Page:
POLAR BEAR QUOTA REDUCTION IMPACTS
IN GJOA HAVEN
Polar bear management policies in the last two decades, including a moratorium and very limited numbers of polar bear hunting tags, have disproportionately impacted Gjoa Haven compared to other communities in terms of livelihoods and inter-generational knowledge mobilization
GJOA HAVEN: VOICES OF THUNDER
‘We seek acknowledgement and apologies for suffering the consequences of the quota regulations; a loss of culture and knowledge, as well as increased danger due to rising number of polar bears around their communities. Inuit knowledge in terms of accuracy and inherent value needs to be recognized and better acknowledged. We want better integration of Inuit knowledge in survey research, like for example accounting for seasonal changes. Scientific monitoring surveys have limitations, we ask that researchers will recognize and take Inuit observations more seriously.
IMPACTS: ONE PAGERS
Gjoa Haven is seeking recognition; ‘We want these ‘‘voices of thunder to echo everywhere’’.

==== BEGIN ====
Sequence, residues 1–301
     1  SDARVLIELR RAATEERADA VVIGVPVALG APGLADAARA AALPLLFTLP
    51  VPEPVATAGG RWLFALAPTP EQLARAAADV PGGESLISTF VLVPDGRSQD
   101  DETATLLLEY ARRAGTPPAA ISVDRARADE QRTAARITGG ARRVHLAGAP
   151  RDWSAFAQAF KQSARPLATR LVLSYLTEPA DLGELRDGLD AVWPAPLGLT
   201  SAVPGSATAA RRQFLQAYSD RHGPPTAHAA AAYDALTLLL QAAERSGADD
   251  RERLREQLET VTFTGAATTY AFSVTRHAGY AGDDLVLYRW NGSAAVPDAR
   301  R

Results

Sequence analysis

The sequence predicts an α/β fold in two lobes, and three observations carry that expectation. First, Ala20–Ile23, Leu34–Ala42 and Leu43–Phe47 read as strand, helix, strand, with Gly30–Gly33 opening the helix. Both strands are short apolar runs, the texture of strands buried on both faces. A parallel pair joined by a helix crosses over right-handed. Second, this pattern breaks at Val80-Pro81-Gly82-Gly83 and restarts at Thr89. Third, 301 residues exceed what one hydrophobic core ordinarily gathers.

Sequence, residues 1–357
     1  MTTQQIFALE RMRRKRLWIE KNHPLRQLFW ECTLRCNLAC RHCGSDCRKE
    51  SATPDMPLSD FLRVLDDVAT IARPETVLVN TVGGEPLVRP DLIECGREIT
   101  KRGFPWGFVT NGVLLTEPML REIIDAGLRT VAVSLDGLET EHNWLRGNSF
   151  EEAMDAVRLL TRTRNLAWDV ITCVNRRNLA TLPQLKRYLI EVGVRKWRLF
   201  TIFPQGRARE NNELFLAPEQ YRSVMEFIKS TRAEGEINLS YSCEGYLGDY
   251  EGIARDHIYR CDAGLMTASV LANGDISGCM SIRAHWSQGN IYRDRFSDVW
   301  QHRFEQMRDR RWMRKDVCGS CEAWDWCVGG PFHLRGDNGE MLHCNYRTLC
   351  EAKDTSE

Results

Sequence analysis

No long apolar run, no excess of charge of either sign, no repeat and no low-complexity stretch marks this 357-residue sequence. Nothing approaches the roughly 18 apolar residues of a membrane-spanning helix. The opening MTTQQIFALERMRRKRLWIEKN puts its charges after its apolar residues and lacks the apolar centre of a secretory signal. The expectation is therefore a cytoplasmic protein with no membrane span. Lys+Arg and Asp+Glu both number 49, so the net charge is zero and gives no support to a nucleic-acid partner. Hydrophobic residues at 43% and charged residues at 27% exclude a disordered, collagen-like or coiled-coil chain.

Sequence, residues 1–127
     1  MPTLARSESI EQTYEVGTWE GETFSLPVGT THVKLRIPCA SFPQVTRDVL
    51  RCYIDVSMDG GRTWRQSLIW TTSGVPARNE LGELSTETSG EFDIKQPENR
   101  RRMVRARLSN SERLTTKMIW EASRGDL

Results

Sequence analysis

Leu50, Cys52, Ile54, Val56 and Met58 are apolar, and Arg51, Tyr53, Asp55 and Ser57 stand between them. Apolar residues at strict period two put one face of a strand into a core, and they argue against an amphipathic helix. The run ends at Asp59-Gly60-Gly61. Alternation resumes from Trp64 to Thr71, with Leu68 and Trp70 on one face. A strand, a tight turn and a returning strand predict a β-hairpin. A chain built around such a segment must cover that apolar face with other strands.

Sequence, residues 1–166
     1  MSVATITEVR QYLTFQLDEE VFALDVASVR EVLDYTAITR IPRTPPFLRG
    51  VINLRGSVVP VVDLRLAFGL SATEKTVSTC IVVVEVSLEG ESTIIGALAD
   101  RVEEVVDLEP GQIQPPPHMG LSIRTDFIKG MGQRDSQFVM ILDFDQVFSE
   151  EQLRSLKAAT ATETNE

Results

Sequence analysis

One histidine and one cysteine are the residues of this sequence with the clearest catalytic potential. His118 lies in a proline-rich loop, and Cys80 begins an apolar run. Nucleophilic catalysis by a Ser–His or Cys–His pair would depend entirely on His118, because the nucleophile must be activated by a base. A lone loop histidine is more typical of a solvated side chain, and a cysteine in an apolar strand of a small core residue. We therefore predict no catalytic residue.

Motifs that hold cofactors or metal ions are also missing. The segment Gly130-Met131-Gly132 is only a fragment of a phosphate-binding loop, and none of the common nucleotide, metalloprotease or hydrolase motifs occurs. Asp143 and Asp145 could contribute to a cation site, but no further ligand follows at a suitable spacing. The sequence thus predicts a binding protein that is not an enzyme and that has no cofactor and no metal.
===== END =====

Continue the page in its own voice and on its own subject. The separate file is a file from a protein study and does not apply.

These stories should finally come out. There are two generations lost and ‘’millions of dollars’’ in sportshunting. We want everyone to hear us. ‘’We’re tired of waiting’’.
VOICES OF THUNDER; A TESTIMONIAL READING
This academic paper, targeting academics and other scientists active in Nunavut invites fellow scholars and colleagues to join in a testimonial reading of the quota reduction impacts as testified to by Gjoa Haven’s community members.
THIS IS URGENT!
WE ARE LOSING IMPORTANT KNOWLEDGE OF THE LAND
Inuit have a relationship with the land all year through. We know the land and the ice, and how it changes over the seasons and the years. This knowledge is passed on between generations, in songs, dance, and stories - but also by an ongoing relationship with the land through hunting. Our relationship with the ice and the land changes when we can't hunt polar bears, and important knowledge on ice conditions is lost.